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The honey connoisseur



The
HONEY
CONNOISSEUR
Selecting, Tasting, and
Pairing Honey, With a
Guide to More than 30
Varietals
C. Marina Marchese &


Kim Flottum
Illustrations by Elara Tanguy


DEDICATION
FROM KIM…

Marina certainly is the inspiration for
this work. We have worked together on

projects in the past and this was the next
step for each of us. Her focus is on the
magic of how and why honey comes to
be. Mine shows where and when honey
is born. Each of us following a passion
has produced what you now read.
Passions, though, are fueled by many
fires. My other passion, my best friend
and my greatest source of support and
balance, Kathy, made this book, and
everything, possible. Thanks Kath.
FROM MARINA…


Without Kim, this book would not be
complete.
Without Vic, there would not be time to
write it.
Without Becky, no one would ever read
it.
Without the bees, there would be no
honey.
Without beekeepers, there would be no
passion.
Without honey lovers, there would be no
reason.
A heart-full of thanks to all those who
came on the journey and have embraced
this sweet work.



CONTENTS
CHAPTER 1:

La Dolce Vita
CHAPTER 2:

Terroir: A Portrait of the
Land


CHAPTER 3:

The Honey Plants
CHAPTER 4:

The Not-So-Sweet Side of
Honey


CHAPTER 5:

Tasting Honey
CHAPTER 6:

Pairing Honey with Cheese
and Food
Glossary
Index
References




CHAPTER 1
LA DOLCE VITA
In the Valley of the Kings on
the West Bank at Luxor there
is a tomb named KV 62 that
was cut during Egypt’s
eighteenth dynasty. It belongs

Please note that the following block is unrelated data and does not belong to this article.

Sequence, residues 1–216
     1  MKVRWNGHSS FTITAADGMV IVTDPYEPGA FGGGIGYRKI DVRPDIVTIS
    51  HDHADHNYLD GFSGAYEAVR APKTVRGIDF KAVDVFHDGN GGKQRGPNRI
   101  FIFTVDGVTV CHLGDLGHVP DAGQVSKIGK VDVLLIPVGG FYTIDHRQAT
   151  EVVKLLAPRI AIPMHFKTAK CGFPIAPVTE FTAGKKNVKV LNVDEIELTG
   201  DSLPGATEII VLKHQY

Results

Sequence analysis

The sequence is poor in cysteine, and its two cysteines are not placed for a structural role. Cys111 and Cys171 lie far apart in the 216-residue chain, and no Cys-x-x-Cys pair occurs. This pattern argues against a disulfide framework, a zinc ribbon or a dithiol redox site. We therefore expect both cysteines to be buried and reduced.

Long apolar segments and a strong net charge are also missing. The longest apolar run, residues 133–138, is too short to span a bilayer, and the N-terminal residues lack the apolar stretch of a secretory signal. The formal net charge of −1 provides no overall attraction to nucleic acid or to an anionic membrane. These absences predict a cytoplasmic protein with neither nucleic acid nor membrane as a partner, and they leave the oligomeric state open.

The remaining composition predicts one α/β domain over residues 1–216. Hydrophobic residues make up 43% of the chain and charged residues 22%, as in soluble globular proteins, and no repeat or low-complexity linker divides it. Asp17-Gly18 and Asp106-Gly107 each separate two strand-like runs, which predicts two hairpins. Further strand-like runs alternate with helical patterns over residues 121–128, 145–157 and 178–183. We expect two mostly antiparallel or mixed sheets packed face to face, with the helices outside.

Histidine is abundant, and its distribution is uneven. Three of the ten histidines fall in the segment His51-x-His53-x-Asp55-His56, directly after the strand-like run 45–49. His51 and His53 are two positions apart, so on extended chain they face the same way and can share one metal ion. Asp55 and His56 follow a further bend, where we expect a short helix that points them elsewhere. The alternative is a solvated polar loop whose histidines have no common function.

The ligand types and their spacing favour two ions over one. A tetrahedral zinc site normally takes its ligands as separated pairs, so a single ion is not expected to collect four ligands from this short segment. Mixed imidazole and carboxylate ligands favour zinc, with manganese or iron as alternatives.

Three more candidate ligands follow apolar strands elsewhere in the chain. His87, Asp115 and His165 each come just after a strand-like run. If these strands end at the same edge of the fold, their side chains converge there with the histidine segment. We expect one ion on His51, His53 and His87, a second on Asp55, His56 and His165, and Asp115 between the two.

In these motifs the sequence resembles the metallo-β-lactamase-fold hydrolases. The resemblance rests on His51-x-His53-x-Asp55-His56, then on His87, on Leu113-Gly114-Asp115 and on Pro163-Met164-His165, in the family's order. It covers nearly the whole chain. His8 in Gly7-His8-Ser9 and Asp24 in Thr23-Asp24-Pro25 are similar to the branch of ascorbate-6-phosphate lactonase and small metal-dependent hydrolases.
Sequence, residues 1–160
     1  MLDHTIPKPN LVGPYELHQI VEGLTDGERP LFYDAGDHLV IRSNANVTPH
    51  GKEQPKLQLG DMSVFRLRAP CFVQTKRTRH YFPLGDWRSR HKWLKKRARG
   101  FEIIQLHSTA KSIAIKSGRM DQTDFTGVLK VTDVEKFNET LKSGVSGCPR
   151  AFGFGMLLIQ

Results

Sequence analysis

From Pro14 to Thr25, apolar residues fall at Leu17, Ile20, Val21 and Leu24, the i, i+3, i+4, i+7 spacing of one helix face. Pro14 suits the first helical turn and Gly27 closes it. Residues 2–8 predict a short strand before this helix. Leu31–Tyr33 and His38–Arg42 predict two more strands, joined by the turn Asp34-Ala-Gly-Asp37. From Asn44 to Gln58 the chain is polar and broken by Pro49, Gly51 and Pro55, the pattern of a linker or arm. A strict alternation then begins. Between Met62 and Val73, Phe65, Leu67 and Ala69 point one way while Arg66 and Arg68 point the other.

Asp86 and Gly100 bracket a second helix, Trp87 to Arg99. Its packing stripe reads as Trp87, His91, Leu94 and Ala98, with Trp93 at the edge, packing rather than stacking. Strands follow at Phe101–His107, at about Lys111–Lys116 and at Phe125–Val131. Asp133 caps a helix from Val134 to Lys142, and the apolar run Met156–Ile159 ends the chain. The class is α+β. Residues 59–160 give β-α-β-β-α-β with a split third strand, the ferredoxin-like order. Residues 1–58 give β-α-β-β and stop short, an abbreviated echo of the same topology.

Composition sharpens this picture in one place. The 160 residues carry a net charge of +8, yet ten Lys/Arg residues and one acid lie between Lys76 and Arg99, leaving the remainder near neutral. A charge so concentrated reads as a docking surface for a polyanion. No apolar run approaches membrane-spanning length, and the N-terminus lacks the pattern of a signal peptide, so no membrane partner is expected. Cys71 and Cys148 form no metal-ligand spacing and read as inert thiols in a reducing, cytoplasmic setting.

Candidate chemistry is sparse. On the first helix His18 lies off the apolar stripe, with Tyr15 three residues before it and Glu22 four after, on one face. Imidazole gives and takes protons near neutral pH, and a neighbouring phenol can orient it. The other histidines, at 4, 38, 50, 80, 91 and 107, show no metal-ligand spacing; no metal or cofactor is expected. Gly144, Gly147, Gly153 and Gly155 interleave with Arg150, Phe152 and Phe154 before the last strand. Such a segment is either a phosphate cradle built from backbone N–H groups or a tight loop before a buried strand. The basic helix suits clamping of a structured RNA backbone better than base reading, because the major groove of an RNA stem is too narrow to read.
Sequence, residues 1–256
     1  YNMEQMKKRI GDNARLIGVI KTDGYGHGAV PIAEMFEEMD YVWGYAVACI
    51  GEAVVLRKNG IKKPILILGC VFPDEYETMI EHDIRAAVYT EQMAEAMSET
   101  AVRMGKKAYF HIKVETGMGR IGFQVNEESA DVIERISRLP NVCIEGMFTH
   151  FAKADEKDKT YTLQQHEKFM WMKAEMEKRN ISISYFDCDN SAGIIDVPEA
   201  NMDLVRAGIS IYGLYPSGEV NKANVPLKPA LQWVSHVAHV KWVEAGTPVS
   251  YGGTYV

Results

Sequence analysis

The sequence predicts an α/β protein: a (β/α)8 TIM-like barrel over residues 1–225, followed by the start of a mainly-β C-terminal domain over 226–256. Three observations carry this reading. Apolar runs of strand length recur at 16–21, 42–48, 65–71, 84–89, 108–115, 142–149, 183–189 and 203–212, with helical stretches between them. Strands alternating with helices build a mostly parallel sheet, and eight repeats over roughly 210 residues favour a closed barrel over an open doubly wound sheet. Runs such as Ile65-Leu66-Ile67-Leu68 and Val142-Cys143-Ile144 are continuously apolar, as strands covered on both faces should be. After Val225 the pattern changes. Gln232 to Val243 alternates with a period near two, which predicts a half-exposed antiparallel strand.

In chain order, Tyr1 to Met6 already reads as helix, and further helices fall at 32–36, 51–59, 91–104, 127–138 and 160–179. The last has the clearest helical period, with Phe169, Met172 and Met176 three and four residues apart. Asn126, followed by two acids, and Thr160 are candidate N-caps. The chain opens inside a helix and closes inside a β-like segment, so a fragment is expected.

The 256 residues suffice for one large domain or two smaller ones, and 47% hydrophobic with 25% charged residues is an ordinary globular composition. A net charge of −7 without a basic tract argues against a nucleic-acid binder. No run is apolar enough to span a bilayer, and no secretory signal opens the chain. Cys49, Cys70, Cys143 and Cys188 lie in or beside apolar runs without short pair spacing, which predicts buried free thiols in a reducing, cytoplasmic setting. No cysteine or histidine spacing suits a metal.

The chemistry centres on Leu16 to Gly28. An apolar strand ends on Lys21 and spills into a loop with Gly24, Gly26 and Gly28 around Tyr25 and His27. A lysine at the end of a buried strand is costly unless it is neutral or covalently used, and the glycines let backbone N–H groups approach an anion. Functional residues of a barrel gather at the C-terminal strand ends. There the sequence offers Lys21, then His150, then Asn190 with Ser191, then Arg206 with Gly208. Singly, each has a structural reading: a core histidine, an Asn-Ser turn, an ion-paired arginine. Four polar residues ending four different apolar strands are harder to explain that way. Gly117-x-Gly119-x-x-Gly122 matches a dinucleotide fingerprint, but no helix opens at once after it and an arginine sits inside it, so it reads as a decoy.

to the Egyptian pharaoh
Tutankhamen. Discovered in


1922 by Howard Carter, it is
considered one of the most
significant archaeological
discoveries of the twentieth
century. As was the tradition
in ancient Egypt, the pharaoh
was buried with a cache of
artifacts, including furniture,
garments, and food. Among
these articles were clay vessels
filled with olive oil and wine.


he vessels were inscribed with
detailed notes naming the type of
wine, the producer, the
geographic region in which it
was produced, and the date when the jar
was sealed. Nearby were two more
vessels described by Carter as drab
pottery with double handles, bound with
rush and secured with clay seals. The
shoulders of these vessels carried the
identification of the contents, written
from right to left, in black hieratic script,
depicting the word for honey bee. When
the clay seals were removed, the insides
of the jars revealed honey, completely
preserved, still almost liquid, and
retaining its original sweet aroma. These
offerings of honey, olive oil, and wine

T


were placed in King Tut’s tomb
alongside his body because it was
believed that he would need these items
in his afterlife. More than three thousand
years later, the olive oil and wine had
spoiled, but the honey remained intact
and edible.
Bees and honey played an important
part in the everyday life of the
Egyptians. They were the first nomadic
beekeepers, floating their hives up and
down the Nile following the seasonal
blooms. Their main sources for nectar
were orange, clover, and cotton. Honey
was removed from the hives by smoking
out the bees, then crushing the comb and
straining the honey into clay jars. It was
used as a culinary sweetener, as well as


for mead and medicine. Ancient medical
texts written on papyrus describe honey
as being used for ointments and touting
its therapeutic effects on wounds. The
walls of tombs were rich in bee imagery
depicting scenes of beekeeping and
honey production. Cleopatra, the last
ruling pharaoh, celebrated for her
beauty, was said to be indebted to honey
inside and out. After her ritual of bathing
in milk and honey she indulged in her
favorite snack, a sweet honey nut truffle
called dulcis coccora.
Honey, like wine and olive oil, was
considered a luxury by the Egyptians and
was stored in clay amphorae or wooden
flat-bottom vessels. The chards
recovered from Tutankhamen’s tomb


revealed that each amphora was
carefully labeled with information
including the honey’s source or
provenance, the date and location of its
production, and the name of the person
who sealed the jar. The origin and
quality of agricultural products
obviously played an important role in
ancient societies. The title “sealer of the
honey” was given to those respected
people who oversaw the act of sealing
the honey-filled vessels, ensuring quality
control. The descriptions of these